>> the perspective of the organism, when are two attractors the same? In
>> other words, when do two attractors have the same meaning?
>> 
>> The answer to that question seem to me to point out that it is not
>> only noise that has to be defined in terms of the observer, but also
>> 'stability'.  Two attractors (or transients) that have the same stable
>>  
>> 
>> meaning, will be equivalent. In order to verify stability, one will
>> have to make subjective assumptions about the meaning of the
>> attractors. If the attractors predispose the same responses, they are
>> essentially the same. Correct?
>> 
>>> > The only point I really want to make out of this is that when you are
>>> > dealing with RNNs in cognitive systems you should allow for the
>>> > likelihood
>>> > that the attractors are dynamic and novel unless you are probing with
>>> > exceptionally impoverished stimuli (which is probably the norm in
>>> > electrophysiology).
>> 
>> It's a good point. But even with empoverished stimuli, there can be a
>> lot of variability in the neurophysiology (unless one probes very
>> close to the lower level sensory sheets). Interestingly, and i think
>> this is a major point,
>> 
>> 
>> 
>> PS. Some might have noticed that there was a posting coming from my
>> address with
>>  splintered phrases. I sent it by mistake, apologies for
>> that!
>> 
>> 
>>> > -----Original Message-----
>>> > From: Mario Negrello [mailto:mnegrello at gmail.com]
>>> > Sent: Saturday, 2 August 2008 12:33 AM
>>> > To: r.gayler at mbox.com.au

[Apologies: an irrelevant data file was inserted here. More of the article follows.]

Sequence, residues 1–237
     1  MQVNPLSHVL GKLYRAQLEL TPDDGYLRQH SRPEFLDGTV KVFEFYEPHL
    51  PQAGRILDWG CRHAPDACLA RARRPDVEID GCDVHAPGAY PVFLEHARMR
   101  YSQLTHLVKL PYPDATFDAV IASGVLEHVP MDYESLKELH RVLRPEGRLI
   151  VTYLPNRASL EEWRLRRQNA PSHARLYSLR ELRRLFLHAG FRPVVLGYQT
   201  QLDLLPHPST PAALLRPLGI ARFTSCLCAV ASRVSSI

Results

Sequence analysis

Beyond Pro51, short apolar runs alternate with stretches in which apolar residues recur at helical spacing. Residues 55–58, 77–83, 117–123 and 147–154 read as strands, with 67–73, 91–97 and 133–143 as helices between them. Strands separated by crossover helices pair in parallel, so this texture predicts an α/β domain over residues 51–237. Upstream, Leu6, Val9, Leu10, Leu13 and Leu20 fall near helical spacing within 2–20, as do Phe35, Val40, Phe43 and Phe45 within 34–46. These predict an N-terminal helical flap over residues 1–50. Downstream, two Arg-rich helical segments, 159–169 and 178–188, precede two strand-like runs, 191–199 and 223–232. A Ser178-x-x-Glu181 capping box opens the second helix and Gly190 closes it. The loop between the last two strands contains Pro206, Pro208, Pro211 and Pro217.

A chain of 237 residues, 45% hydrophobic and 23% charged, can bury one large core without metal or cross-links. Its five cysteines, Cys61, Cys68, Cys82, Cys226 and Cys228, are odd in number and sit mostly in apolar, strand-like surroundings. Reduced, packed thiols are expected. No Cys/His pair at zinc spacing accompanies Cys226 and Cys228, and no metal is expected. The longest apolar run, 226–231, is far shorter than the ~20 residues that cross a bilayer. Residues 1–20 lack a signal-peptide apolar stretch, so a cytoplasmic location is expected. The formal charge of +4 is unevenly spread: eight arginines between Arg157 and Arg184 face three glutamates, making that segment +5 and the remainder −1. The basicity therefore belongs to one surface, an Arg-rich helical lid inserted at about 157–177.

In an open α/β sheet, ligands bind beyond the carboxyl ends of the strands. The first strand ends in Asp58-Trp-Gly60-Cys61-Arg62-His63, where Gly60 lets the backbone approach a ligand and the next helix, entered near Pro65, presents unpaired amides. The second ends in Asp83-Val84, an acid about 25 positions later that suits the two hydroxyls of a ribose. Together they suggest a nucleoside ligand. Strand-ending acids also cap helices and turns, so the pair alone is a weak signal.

>>> > Cc: comp-neuro at neuroinf.org
>>> > Subject: Attractors, variability and noise
>>> >
>>> > Dear Ross, Jim, David and list,
>>> >
>>> > First off, thank you for amazing discussion. I hope there is still
>>> > some
>>> > momentum in it.
>>> > I take the opportunity to summarize and combine a couple of points,
>>> > and pose
>>> > a question.
>>> >
>>> > David Tam, among others, remarked that
>>>> >> "So do neurons (or the brain) use noise in its computation?  If
>> the
>>>> >> neurons care about those signals, it is not noise.  If they don't
>>>> >> care, yes, then it is noise."
>>> >
>>> > This is a good working definition for noise, as it takes the
>>> >
>>  'receiver' into
>>> > consideration. I'll phrase it in terms of variability, if i may
>>> > (it's for a
>>> > purpose):
>>> > - When the receiving system is indifferent to incoming variability,
>>> > then
>>> > that variability is noise.
>>> >
>>> > Jim and others insisted that it is hard to tell noise and
>>> > variability apart,
>>> > when the systems are complex.
>>>>> >>> the more sophisticated a coding system, the harder it is likely to
>>  
>>>>> >>> be
>>>>> >>> to distinguish signal from "noise".
>>> >
>>> > 1. As Ross points out, concerning abstract connectionist models, the